“I gave him my complete endorsement,” says Whittingham. “I told Andy, first of all, that Alex is extremely intelligent and understands everything about the game, and I felt he had a lot of good years. He had so many different offensive coordinators in San Francisco; I told him I thought if Alex were given a situation where he was able to have more continuity, he would flourish.”

Smith has delivered a solid, workman-like performance, managing and augmenting the Chiefs’ strong running attack with his passing and running. He ranks no better than 21st in passing yards among NFL quarterbacks, but he has played virtually mistake-free.

Reid told MMQB.com, “I just always watched (Smith) and thought, ‘Man, I'd like to coach that kid.'"

Smith told the New York Times, “We’d love to stick it to everybody who thought we couldn’t do it, he (Andy Reid) and I included.”

Reid, who took the Eagles to the playoffs nine times in 14 years, won’t go there.

“The change of scenery has done him good,” says Whittingham. “He got a fresh start. He is really excited about it, and so far it has worked. He had a couple of options where to go next, and he opted for the Chiefs. He thought they had talent.”

Edwards agrees. “Andy has a great attitude and he remains pretty good friends with the (Eagles) owner. He spent time with him when he went back (to Philadelphia). He recognized that you can probably stay too long in one place, and then it’s time to move on, particularly at that level. At least in college you change a third of your players every year. There, you have many of the same guys over and over. After a period of time, what do you say to them? They’ve heard it all so many times.”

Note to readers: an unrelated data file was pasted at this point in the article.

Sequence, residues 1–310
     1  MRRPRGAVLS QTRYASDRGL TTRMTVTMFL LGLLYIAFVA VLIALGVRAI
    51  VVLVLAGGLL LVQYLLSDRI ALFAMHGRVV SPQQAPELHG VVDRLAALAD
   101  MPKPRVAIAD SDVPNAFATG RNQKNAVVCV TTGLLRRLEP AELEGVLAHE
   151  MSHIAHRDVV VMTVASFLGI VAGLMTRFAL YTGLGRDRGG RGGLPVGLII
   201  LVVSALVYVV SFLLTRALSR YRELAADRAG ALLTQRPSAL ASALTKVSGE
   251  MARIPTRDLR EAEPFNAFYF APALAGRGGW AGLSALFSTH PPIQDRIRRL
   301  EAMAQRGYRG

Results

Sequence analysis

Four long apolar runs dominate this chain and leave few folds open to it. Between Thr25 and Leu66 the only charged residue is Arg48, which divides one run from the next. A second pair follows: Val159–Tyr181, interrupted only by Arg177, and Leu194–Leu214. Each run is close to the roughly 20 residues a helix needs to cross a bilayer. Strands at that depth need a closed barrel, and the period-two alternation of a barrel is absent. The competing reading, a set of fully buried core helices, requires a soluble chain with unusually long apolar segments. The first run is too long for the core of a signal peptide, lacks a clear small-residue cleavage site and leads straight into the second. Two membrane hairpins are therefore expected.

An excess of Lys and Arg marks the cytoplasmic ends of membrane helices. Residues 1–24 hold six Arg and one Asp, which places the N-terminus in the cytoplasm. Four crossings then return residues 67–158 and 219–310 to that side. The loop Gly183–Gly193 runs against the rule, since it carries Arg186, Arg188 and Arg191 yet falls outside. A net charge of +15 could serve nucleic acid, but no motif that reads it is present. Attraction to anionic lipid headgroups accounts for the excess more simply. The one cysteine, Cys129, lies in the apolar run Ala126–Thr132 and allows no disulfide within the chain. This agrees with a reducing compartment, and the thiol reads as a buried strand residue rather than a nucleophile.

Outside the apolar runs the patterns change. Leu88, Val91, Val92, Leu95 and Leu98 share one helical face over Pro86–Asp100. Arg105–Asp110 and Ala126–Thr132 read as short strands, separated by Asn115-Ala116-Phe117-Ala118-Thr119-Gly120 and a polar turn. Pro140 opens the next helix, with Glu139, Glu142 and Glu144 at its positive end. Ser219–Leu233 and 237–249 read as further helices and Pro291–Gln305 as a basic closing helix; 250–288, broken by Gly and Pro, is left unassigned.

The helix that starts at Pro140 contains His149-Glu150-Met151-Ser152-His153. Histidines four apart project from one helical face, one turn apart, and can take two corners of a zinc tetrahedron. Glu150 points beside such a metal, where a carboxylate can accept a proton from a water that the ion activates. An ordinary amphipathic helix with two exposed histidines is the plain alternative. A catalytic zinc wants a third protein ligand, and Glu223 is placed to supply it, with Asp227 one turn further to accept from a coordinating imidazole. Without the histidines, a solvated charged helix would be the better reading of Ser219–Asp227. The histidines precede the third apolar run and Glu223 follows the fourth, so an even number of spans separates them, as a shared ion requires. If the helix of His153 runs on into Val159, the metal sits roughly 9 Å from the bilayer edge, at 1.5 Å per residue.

It is remarkable the difference one man can make in a team. The Chiefs have been transformed under Reid. The Eagles, too, are playing better under new coach Chip Kelly. At 3-3, they are one win away from matching last year’s win total.

“Yep, it’s a win-win,” says Whittingham. “He left on as good a terms as you can after getting fired. He felt like it was good for both.”

“Sometimes a new guy brings in new excitement and makes a difference,” says Edwards. “Andy told me when he first went there that he had some good players, and Alex has made a difference, too.”

Both Edwards and Whittingham cite many of the same characteristics when discussing what makes Reid successful. Meticulous and organized. Intelligent. Relates well to players. An even temperament.

Remembering Reid’s GA days, Edwards says, “I figured he’d be a good coach. First of all, he’s very intelligent. He was an English major. When he told me he wanted to coach, I remember thinking, ‘You’re too smart to do this.’ He has a good way with players, too. He grew up in an area with a lot of different nationalities and relates to the players well.”

There’s just one thing Edwards might change. “I try to tell him he works too many hours, and that he’s going to wear himself out. But you have to do what you’re comfortable with. He’s stayed in it and made it work.”

Doug Robinson's columns run on Tuesdays and Wednesdays. Email: [email protected]